If the Government brings in mandatory reporting, church leaders would be legally bound to disclose any instances of abuse they hear about during Confession. Would the move bring necessary reform to protect society’s most vulnerable, or constitute unjust interference with religious freedom? Tim Wyatt speaks to those on both sides of the debate
Last month, the seven year long Independent Inquiry into Child Sexual Abuse (IICSA) concluded by publishing its final report.
A journey which had begun with furore and controversy – the then Home Secretary Theresa May ordered the inquiry in 2014 amid fears of a Jimmy Savile-style abuse scandal lurking among high-level Westminster politics – ended in a sober yet devastating 468-page document.
In the end, there was no evidence of a network of paedophiles operating in government circles. Instead, IICSA’s report begins with more than 100 pages of testimonies from victims and survivors of child abuse. And among the horrifying accounts are plenty from those who suffered at the hands of vicars and priests, bishops and monks. Out of IICSA’s 17 formal investigations it carried out, an astonishing seven were focused on abuse linked to the Church.
There are a lengthy list of recommendations from IICSA. But the most eye-catching call, for both secular society and Christians, was mandatory reporting.
Mandatory reporting means the government would bring in a new law creating criminal penalties for anyone in a designated position (mostly those working with children or in a position of trust) who becomes aware of child abuse and does not report it to the police. It has long been a demand from victims’ groups and many children’s charities, but has also been resisted by some within the Church, especially traditions which value the historic confidentiality of confession.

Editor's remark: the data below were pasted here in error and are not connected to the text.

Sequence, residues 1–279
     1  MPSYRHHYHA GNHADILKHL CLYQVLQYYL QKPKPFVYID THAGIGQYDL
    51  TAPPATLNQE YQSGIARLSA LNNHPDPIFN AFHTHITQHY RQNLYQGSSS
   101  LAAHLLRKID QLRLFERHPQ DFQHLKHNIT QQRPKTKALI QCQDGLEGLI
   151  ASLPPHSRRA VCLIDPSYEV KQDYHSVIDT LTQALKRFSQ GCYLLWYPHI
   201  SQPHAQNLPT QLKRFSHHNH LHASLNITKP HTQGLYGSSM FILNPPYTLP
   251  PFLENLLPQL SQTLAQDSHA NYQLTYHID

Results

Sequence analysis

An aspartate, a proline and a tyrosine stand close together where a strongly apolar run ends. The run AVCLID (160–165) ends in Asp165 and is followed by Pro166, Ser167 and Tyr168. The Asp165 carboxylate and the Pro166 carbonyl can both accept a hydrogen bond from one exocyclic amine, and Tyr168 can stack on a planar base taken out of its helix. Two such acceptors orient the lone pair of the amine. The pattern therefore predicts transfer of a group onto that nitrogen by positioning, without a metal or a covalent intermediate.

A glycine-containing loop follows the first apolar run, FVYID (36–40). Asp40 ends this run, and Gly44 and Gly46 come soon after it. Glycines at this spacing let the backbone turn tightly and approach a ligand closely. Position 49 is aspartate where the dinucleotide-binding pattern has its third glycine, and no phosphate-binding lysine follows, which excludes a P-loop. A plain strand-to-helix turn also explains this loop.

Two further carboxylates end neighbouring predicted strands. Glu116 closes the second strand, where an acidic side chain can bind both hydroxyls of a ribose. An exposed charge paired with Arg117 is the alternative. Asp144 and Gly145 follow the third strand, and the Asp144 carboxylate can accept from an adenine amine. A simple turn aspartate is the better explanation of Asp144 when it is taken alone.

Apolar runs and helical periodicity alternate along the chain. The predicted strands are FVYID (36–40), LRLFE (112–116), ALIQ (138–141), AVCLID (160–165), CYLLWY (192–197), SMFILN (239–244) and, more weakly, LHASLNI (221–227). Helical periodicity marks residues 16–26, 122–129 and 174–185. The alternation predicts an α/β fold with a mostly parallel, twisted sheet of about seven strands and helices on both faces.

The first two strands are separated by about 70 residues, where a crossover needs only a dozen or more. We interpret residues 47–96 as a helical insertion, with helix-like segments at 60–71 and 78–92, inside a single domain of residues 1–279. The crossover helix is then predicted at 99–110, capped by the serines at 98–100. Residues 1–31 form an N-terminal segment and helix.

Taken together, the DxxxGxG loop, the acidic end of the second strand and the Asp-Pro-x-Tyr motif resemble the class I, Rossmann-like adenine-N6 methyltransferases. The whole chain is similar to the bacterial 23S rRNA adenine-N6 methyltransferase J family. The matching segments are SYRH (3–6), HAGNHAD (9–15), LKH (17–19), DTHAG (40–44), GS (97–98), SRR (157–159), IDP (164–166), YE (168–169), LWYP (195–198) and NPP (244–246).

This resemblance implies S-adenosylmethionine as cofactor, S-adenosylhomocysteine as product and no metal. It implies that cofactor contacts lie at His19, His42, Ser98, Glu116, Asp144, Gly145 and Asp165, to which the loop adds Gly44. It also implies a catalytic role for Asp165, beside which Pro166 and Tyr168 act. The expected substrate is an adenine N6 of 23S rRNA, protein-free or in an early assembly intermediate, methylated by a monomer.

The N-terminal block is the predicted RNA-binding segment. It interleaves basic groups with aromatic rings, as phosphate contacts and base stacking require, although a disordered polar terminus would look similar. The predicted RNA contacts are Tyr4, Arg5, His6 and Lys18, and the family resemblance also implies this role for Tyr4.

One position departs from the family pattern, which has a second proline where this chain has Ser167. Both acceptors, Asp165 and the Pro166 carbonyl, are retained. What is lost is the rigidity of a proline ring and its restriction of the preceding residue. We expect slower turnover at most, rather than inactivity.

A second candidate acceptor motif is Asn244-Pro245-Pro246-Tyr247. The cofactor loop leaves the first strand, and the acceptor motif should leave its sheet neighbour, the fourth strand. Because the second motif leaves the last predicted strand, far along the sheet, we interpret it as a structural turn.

If the government does follow through on IICSA’s report, it would mean if a priest hears a confession from either a child abuser or their victim in which they talk about the abuse, they are legally bound to pass this information on. If they do not do so, they could be prosecuted, fined or even imprisoned.
But in both the Church of England and the Catholic Church, this new law would clash with centuries-old religious law, as both denominations have strict rules which forbid a priest to disclose anything heard during confession with anyone else.
IICSA’s call for mandatory reporting reignited a simmering row that has been going on for years, particularly within the Church of England. For some years the CofE has already had its own duty to report allegations of abuse on all clergy and church workers, but it has an exemption for any details gathered under what is known as the “seal of the confessional”.
Canon law dating back to 1603 means that priests who hear a penitent’s confession have a duty to not disclose it to anyone, ever. However, more recent guidelines state the priest should refuse to give the abuser absolution until they have first reported themselves to the police.